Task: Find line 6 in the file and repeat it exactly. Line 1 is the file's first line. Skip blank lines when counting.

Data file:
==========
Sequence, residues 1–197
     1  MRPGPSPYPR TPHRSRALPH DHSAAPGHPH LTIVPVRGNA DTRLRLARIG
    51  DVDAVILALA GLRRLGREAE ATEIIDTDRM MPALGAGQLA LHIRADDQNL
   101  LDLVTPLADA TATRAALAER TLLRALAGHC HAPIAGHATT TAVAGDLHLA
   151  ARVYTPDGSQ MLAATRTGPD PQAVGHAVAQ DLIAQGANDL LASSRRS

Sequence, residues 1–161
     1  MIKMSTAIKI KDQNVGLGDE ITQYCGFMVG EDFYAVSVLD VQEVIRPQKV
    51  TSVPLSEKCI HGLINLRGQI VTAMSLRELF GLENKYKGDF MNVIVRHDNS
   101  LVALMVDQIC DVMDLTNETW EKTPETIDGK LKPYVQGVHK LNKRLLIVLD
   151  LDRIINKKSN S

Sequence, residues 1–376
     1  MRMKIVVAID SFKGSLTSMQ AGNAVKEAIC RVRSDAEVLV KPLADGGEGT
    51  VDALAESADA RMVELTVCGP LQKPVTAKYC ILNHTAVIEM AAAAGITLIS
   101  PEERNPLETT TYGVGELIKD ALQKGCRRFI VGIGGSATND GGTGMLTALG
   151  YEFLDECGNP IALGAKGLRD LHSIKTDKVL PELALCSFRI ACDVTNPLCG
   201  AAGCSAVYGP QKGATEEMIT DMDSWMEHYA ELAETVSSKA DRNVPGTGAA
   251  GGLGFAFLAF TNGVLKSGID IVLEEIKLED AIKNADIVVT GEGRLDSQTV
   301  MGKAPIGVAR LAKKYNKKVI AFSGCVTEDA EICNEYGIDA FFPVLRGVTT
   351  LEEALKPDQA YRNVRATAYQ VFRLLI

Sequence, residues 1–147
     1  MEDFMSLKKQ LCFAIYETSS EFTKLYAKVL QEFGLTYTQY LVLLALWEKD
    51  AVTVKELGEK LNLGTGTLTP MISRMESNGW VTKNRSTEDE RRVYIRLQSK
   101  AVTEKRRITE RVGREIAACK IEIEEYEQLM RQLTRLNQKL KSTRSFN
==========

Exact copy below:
Sequence, residues 1–161